Sprains and instability

The ankle is held together by three main ligaments.  The two lateral ligaments stop the ankle sliding forward and rolling from side to side.  They are attached to the fibula (the small bone next to the shinbone) and the talus (the anklebone).

When the ankle is violently twisted or forced beyond its normal range of movement, the ligaments can easily become stretched or torn.  This is known as a sprain.

If your ankle doesn't heal properly after a sprain, or you sprain your ankle repeatedly, you may end up with chronic ankle instability.  The resultant constant swelling in the ankle can cause a reflex in the body that 'switches off' the muscles around the joint, which reduces the stability even more.

If the ankle does not respond to non-surgical treatment such as orthotics, supportive footwear and/or physiotherapy, surgery is recommended.

There is a sensation that your ankle is going to ‘give way’, especially on uneven ground.  Your ankle will frequently turn during activity, causing pain, inflammation and swelling.  You may have almost constant swelling in the ankle.

An ankle sprain, also known as a lateral ankle ligament sprain, is the most commonly occurring injury to the ankle.  During weight bearing activity such as walking, running or jumping the ankle and foot move inwards, towards the mid-line of the body, more than the stabilising structures allow, thus resulting in injuries to these structures.  Most commonly it is the lateral ankle ligaments and the lateral ankle joint capsule which are torn.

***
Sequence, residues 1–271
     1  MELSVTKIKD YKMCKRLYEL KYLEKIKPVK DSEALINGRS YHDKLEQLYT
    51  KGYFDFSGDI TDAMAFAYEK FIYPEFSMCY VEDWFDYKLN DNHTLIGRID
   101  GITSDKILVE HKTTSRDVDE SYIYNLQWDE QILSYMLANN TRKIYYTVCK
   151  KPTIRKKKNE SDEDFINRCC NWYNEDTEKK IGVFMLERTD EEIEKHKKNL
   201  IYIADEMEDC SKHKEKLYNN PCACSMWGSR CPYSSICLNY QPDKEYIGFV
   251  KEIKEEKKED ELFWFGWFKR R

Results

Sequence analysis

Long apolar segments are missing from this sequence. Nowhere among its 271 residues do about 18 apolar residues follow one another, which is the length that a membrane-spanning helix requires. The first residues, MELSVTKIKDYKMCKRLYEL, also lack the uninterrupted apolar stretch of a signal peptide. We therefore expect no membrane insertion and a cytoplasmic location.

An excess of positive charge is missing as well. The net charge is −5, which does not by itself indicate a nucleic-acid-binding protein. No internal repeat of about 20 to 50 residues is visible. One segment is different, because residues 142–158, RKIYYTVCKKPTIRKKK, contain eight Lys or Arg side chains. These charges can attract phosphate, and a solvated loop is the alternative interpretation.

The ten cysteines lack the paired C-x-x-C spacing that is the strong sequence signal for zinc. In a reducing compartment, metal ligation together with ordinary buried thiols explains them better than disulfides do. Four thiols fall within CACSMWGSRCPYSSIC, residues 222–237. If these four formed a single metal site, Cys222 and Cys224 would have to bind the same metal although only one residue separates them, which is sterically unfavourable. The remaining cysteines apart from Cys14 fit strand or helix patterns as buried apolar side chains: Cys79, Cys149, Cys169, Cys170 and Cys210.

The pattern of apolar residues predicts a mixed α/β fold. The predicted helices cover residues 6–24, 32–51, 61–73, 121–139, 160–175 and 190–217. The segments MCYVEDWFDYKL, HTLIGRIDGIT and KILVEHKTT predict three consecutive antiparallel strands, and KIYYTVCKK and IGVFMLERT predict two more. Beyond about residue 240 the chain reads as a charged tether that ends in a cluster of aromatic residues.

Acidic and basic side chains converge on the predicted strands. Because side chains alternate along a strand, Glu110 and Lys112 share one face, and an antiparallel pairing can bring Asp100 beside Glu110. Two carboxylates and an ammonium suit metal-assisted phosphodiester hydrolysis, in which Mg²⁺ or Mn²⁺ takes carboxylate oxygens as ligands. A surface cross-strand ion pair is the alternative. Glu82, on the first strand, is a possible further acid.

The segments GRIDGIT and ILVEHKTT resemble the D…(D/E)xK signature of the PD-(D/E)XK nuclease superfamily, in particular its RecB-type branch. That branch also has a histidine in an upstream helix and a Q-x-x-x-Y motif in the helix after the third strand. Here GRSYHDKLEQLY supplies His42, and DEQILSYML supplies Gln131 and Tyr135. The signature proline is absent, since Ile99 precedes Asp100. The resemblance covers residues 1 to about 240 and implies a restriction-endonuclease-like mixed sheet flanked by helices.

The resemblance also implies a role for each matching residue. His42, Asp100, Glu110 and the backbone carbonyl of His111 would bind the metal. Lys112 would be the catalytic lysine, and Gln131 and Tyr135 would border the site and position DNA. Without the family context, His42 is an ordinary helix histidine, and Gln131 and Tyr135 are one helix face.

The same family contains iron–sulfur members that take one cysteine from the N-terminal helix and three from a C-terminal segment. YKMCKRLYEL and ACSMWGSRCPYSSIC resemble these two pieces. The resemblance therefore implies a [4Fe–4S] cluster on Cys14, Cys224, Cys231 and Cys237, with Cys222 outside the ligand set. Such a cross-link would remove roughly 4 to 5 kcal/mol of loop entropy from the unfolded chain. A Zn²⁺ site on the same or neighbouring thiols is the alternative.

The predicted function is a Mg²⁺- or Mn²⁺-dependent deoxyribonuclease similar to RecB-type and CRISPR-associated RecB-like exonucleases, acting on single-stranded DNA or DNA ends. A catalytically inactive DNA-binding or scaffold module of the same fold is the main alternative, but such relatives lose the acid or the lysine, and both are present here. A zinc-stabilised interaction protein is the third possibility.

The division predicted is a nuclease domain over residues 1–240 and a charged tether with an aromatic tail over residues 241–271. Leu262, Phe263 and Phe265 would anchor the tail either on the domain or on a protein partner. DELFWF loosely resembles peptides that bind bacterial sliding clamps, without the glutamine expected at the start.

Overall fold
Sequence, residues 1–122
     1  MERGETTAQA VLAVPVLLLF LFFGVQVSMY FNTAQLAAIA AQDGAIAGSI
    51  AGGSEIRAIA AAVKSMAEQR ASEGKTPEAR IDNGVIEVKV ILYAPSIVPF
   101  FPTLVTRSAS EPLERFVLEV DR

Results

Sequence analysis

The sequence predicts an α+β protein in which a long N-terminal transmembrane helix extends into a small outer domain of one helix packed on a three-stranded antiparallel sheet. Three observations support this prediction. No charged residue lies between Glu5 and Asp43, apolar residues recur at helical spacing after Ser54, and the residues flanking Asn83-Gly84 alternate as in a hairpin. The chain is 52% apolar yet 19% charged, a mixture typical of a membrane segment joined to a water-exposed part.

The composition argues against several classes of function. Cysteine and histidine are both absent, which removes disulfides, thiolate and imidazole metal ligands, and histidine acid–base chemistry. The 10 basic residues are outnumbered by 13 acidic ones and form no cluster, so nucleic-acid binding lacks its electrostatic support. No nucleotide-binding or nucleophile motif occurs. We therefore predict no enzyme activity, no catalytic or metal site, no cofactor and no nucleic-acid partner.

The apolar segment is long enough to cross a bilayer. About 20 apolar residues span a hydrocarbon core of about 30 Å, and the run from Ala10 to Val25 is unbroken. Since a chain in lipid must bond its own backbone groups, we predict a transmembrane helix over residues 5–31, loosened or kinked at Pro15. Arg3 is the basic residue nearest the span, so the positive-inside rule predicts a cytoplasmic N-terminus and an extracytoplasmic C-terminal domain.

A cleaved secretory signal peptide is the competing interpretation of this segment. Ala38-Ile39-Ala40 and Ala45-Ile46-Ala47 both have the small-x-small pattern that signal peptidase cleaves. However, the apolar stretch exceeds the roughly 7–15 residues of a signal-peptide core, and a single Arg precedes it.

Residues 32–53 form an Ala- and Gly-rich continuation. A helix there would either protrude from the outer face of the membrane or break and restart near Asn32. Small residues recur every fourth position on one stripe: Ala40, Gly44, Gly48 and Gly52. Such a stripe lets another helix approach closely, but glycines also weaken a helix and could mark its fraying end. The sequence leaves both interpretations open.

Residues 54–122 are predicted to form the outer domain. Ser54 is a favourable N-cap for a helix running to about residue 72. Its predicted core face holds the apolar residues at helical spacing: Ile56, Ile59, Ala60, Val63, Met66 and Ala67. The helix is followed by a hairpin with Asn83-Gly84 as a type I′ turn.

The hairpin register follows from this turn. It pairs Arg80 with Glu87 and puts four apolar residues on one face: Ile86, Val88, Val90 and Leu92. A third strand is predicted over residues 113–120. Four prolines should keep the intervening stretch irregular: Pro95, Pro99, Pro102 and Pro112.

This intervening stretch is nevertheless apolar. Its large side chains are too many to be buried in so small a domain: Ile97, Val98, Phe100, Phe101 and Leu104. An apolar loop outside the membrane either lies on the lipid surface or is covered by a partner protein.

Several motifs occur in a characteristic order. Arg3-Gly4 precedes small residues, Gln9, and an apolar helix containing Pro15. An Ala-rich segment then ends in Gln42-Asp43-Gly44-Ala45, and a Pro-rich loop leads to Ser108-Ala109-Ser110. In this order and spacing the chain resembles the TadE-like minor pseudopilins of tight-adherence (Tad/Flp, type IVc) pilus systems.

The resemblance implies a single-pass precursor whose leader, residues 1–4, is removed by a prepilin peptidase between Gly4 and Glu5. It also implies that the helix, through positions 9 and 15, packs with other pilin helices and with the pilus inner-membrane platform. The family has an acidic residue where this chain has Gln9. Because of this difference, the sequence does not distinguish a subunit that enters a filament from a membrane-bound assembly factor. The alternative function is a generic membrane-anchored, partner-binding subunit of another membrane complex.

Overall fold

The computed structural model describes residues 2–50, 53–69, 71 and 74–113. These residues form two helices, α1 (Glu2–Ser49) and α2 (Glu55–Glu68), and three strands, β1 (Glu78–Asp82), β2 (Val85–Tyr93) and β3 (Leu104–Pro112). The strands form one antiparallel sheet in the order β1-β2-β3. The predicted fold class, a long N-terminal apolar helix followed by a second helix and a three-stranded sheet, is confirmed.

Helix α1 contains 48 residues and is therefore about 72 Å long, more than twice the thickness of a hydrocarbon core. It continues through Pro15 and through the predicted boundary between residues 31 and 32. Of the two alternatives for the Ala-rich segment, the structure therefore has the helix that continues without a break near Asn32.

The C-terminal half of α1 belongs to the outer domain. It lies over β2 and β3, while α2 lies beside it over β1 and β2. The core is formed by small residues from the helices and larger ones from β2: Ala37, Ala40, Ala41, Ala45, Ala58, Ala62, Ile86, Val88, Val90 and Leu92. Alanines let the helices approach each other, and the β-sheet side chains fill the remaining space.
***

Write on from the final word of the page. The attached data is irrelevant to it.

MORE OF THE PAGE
Bleeding into the joints itself is common after this injuries and this can lead to chronic inflammation setting up in the soft tissues within the ankle joint known as synovitis.

The symptoms following an ankle sprain are pain, swelling and subsequently bruising which may effect both sides of the joint.  Additionally, it is not unusual to find it painful to put weight through the joint and the joint may also feel immediately unstable.  Pain on attempted weight bearing after a presumed ankle sprain is something which requires immediate medical review.

There are four ways available to manage an ankle ligament sprain/rupture.  These are either to do nothing and simply wait for the ankle to settle.  Secondly, to immobilise the injured ankle in a plaster cast for a period of 4-6 weeks, walking as comfortable.  Thirdly, to use functional rehabilitation to treat the sprained ankle - a graded physiotherapy programme, often combined with a removable ankle brace.  The final option is to operatively repair the injured ligaments.

Operative intervention is used for two sets of symptoms, which may co-exist.  These ongoing symptoms following an ankle sprain are either pain at the level of the ankle or instability from the ankle.

At arthroscopy any areas of loose cartilage or inflamed tissue (synovitis) or scar tissue (arthrofibrosis) can be removed from the joint.

If ankle instability is also a problem following ankle sprain then the ligaments may or may not need to be repaired as well.


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